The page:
Passengers wait for their mode of transportation after getting off the Caribbean Princess cruise ship, Friday, Jan. 31, 2014, in La Porte, Texas. The ship returned to port early on Friday due to a dense fog advisory [auth] and not because people were vomiting and had diarrhea, a Princess Cruises spokeswoman said Friday. But passengers said the crew announced on the second day of the cruise that people were sick, apparently with highly contagious norovirus, and that extra precautions were being taken to ensure it didn’t spread. (AP Photo/Houston Chronicle, Cody Duty)
HOUSTON (AP) — A cruise ship that had more than 180 passengers and crew fall sick with an apparent stomach virus returned to a Houston-area port early due to a dense fog advisory and not because people were vomiting and had diarrhea, a Princess Cruises spokeswoman said Friday.
But passengers whose seven-day vacation was cut short, missing their last stop in Belize, questioned that version of events. They said the crew announced on the second day of the cruise that people were sick, apparently with highly contagious norovirus, and that extra precautions were being taken to ensure it didn’t spread.
“I was worried I might come down with the illness, but as days went by I didn’t, so I felt more comfortable,” said Doris Hajewski, 66, of Waukesha, Wis., a suburb of Milwaukee.
“Really, if you didn’t get sick, you didn’t notice much, just the extra hand sanitizers and the extra precautions at the buffet,” she added, explaining that crew served at the buffet instead of passengers being allowed to handle the food themselves.
It was on Tuesday, when the crew announced the ship would return a day early due to a sea fog advisory that could close the Pasadena port, that passengers began questioning the validity of the information, Hajewski said.
“People were unhappy with that and the sentiment on the ship became more that it wasn’t because of the possible fog,” she said.
A Royal Caribbean cruise returned early to New Jersey on Wednesday after nearly 700 people became ill with the same suspected gastrointestinal illness.
But Princess Cruises spokeswoman Julie Benson said the situation aboard the Caribbean Princess was not the same.
“If we did not have the potential of the closure of the port because of fog we would not have come in early,” Benson said.
The National Weather Service says it issued a warning about sea fog from Friday through Sunday. The Port of Houston says pilots halt all docking activity if fog is too dense.
The Caribbean Princess departed Jan. 25 for the Caribbean with more than 4,200 people on board. It returned Thursday night instead of Saturday. Cruise liners are required to report to the Centers for Disease Control and Prevention if more than 3 percent of the passengers on board the ship become sick.
According to the CDC website, there are about a dozen cases annually where so many people become ill on a cruise, the vast majority with norovirus. This year there have already been three reported cases, including on the Caribbean Princess, and at least two appear to be due to that stomach virus. Overall, though, the CDC says only about 1 percent to 2 percent of norovirus outbreaks occur on ships. The vast majority of outbreaks are in nursing homes.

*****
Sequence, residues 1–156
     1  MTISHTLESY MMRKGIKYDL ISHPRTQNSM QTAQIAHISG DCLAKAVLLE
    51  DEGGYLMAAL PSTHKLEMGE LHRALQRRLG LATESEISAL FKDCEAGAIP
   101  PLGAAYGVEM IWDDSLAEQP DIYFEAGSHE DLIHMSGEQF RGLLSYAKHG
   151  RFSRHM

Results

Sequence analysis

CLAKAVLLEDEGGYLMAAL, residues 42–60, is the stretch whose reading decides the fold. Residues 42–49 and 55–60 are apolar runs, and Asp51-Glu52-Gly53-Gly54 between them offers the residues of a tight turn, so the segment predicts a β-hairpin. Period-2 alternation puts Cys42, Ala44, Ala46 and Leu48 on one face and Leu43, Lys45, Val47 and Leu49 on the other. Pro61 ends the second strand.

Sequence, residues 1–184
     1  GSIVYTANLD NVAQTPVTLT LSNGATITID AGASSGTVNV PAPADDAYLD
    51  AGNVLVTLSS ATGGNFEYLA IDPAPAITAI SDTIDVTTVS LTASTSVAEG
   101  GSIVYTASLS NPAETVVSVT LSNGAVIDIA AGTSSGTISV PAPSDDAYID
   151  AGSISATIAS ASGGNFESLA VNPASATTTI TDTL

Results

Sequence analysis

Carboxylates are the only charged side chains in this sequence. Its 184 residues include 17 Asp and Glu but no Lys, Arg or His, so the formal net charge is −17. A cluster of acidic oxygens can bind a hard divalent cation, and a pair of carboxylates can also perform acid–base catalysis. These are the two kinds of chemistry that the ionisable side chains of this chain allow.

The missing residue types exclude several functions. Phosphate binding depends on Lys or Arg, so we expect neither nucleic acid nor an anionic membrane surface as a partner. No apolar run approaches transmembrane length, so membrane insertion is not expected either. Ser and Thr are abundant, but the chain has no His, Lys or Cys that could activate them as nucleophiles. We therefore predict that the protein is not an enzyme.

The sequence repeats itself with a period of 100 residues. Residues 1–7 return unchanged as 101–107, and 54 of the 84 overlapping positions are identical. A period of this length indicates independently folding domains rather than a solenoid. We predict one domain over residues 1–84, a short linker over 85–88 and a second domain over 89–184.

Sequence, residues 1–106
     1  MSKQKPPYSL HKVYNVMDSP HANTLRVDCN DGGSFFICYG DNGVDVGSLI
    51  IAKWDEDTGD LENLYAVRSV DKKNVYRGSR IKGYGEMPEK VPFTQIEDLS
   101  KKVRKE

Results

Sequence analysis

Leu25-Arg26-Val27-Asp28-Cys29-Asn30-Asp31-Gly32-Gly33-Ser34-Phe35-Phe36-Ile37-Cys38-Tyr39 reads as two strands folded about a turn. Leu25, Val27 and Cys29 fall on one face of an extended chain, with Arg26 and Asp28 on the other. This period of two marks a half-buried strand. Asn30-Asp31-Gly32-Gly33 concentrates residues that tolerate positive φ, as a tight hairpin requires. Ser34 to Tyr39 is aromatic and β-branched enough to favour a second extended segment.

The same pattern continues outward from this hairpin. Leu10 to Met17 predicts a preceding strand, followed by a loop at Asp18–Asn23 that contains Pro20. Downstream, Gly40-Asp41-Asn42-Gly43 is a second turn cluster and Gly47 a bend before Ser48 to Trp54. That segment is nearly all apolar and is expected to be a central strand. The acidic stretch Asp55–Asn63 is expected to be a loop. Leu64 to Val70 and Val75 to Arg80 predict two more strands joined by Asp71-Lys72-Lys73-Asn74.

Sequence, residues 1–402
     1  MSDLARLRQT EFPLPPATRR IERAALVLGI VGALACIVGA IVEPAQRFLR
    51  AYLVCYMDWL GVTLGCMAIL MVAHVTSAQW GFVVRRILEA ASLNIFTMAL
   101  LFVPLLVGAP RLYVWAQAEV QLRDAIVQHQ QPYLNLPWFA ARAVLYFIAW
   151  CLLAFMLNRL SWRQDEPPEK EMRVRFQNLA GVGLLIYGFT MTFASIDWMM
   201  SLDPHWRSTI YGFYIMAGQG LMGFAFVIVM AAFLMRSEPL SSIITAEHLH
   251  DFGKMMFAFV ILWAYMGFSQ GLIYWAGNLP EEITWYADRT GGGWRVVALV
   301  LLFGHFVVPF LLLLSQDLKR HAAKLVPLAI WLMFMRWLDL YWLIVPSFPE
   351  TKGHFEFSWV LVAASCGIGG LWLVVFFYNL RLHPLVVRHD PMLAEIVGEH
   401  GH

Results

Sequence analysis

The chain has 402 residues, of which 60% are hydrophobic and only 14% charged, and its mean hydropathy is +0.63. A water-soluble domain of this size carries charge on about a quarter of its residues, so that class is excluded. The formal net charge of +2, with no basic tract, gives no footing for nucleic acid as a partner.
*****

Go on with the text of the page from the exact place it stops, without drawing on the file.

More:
Cruise Lines International Association reports that more than 20 million people took cruises in 2012.
Officials with the CDC boarded the Caribbean Princess early Friday and are overseeing sanitation of the vessel before it departs for its next journey on Saturday, Benson added. Crew will clean all surfaces of the ship — from elevator buttons to railings — with a special liquid disinfectant.
“To have people come on board when they are ill is, unfortunately, not a rare occurrence,” Benson said. She said crew members confirmed the virus in a lab on board the ship and closely monitored everyone who reported to the infirmary, especially with gastrointestinal problems.
Jay Herring, a senior officer for Carnival Cruise Lines from 2002 to 2004, said norovirus spreads easily on a cruise ship where thousands of people travel together in a confined space.
“One time we had three consecutive cruises that had norovirus and it wasn’t until we got serious about disinfecting that we got rid of it,” said Herring, also the author of “The Truth About Cruise Ships.”
“Every casino chip, every elevator button, every hand rail was disinfected,” he added.
Herring doesn’t believe having just over 3 percent of the passengers and crew ill was enough to cut short the voyage. But he doesn’t recall fog ever ending a voyage when he worked for Carnival Cruises.
“I think the norovirus and the fog combined together is what ended this cruise early. I think the norovirus played a role,” Herring said.
By and large, Hajewski said the cruise was fairly normal for those who didn’t become sick. She said she and her traveling companion were not infected. The pools remained open, the food was good and, at first, the weather was pleasant. Unlike reports from the Royal Caribbean cruise of people vomiting in bags, buckets and even on the floor, she said she didn’t see anyone get sick.
She said the crew handled the situation professionally and were strict about quarantining ill passengers.
“It’s just a disappointment to miss a port,” Hajewski said.
She added that “there are no guarantees that everything will go as planned no matter where you travel. Whether it’s a cruise, whether it’s land travel, you’re always taking a risk.”
Plushnick-Masti can be followed on Twitter at https://twitter.com/RamitMastiAP .
Associated Press writers Diana Heidgerd in Dallas and Mike Stobbe in Atlanta contributed to this report.